Updated Dec 8, 2022 - Technology

FTC sues to block Microsoft-Activision Blizzard merger

Illustration of a close up of the Microsoft logo with a scale in the middle casting a shadow

Illustration: Sarah Grillo/Axios

The Federal Trade Commission will seek to block Microsoft's $69 billion acquisition of video game developer Activision Blizzard, the agency announced Thursday.

Why it matters: If the FTC is successful, it will be a major blow to the biggest attempted deal in gaming history. And the suit itself is another clear signal from the agency that any big tech company looking to buy a smaller one should be wary.

Driving the news: The commission voted 3-1, with Republican commissioner Christine Wilson voting no, to file an administrative complaint seeking to block the merger.

  • The FTC alleges in its complaint that the deal would allow Microsoft to "suppress competitors to its Xbox gaming consoles and its rapidly growing subscription content and cloud-gaming business."
  • It's a major setback for Microsoft, after a full-court press tour which sought to warm regulators to the deal, including an op-ed by the company's president Brad Smith in the Wall Street Journal.

What they're saying: "Microsoft has already shown that it can and will withhold content from its gaming rivals," said Holly Vedova, director of the FTC’s bureau of competition, in a statement. "Today we seek to stop Microsoft from gaining control over a leading independent game studio and using it to harm competition in multiple dynamic and fast-growing gaming markets."

  • "We continue to believe that this deal will expand competition and create more opportunities for gamers and game developers. We have been committed since Day One to addressing competition concerns, including by offering earlier this week proposed concessions to the FTC," Microsoft's Smith said in a statement.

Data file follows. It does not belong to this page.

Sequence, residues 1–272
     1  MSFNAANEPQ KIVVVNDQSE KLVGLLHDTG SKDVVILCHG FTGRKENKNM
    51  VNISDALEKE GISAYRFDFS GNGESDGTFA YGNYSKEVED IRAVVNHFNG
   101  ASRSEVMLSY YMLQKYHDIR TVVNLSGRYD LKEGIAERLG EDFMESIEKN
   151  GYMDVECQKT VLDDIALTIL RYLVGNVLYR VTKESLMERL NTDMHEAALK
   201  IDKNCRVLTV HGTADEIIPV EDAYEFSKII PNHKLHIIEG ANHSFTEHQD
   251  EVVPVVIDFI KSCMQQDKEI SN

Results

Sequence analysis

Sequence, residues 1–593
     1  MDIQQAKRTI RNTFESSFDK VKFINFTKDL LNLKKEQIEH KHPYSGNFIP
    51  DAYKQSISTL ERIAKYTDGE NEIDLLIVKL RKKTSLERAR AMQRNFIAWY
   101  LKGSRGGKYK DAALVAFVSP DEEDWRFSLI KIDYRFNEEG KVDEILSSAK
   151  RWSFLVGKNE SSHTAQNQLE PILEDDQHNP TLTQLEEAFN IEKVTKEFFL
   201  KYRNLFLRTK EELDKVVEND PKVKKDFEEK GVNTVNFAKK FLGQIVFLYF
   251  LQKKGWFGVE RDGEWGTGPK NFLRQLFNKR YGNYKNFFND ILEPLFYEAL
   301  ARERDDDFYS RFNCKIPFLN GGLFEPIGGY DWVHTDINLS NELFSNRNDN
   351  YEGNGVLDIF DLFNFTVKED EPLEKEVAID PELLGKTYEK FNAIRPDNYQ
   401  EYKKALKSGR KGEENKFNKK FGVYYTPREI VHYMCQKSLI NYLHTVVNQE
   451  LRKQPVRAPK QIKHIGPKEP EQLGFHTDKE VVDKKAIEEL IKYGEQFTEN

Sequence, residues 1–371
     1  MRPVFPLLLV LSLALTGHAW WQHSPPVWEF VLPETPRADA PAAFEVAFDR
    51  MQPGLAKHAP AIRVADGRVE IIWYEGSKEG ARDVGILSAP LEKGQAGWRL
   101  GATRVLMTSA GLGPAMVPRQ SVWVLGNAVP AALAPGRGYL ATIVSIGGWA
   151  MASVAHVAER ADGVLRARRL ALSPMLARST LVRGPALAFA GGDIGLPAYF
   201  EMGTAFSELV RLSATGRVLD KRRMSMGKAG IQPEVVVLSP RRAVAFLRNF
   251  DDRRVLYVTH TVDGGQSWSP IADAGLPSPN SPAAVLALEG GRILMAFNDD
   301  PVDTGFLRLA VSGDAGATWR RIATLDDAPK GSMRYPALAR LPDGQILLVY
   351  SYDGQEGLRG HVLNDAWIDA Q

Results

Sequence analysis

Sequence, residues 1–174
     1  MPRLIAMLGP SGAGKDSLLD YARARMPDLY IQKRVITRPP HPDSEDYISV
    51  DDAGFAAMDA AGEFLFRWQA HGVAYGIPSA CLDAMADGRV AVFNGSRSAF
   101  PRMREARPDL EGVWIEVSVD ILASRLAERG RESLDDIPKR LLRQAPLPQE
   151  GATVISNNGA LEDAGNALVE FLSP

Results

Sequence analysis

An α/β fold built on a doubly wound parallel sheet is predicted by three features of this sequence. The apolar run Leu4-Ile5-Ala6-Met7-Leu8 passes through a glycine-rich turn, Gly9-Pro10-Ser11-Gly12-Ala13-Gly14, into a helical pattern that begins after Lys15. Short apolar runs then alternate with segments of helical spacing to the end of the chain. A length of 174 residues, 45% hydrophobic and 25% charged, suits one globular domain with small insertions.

• "While we believed in giving peace a chance, we have complete confidence in our case and welcome the opportunity to present our case in court."
  • "The allegation that this deal is anti-competitive doesn't align with the facts, and we believe we’ll win this challenge," Activision Blizzard CEO Bobby Kotick said in an internal memo shared with Axios.

Between the lines: The FTC chose to file the complaint in its own administrative court, not in federal court.

  • The agency is not seeking a preliminary injunction to stop the deal from closing, so the two parties are still likely to clear regulatory roadblocks in the U.S.
  • But the bid also faces scrutiny from regulators in the EU and U.K. who have raised concerns about Call of Duty being under Microsoft’s control.

Details: While a lot of attention has been paid to what Microsoft might do with Activision's lucrative Call of Duty franchise, the FTC's announcement today zeroed in on Microsoft's practices regarding games made by Bethesda/ZeniMax, which Microsoft bought for $7.5 billion in 2020.

  • "Microsoft decided to make several of Bethesda's titles including Starfield and Redfall Microsoft exclusives despite assurances it had given to European antitrust authorities that it had no incentive to withhold games from rival consoles," the FTC said in its statement.

Between the lines: Microsoft has spent considerable energy arguing that it would not keep Call of Duty from rivals like Sony PlayStation, should the deal go through.

Editor’s note: This story has been updated to add further context about other international hurdles this merger also faces.

Go deeper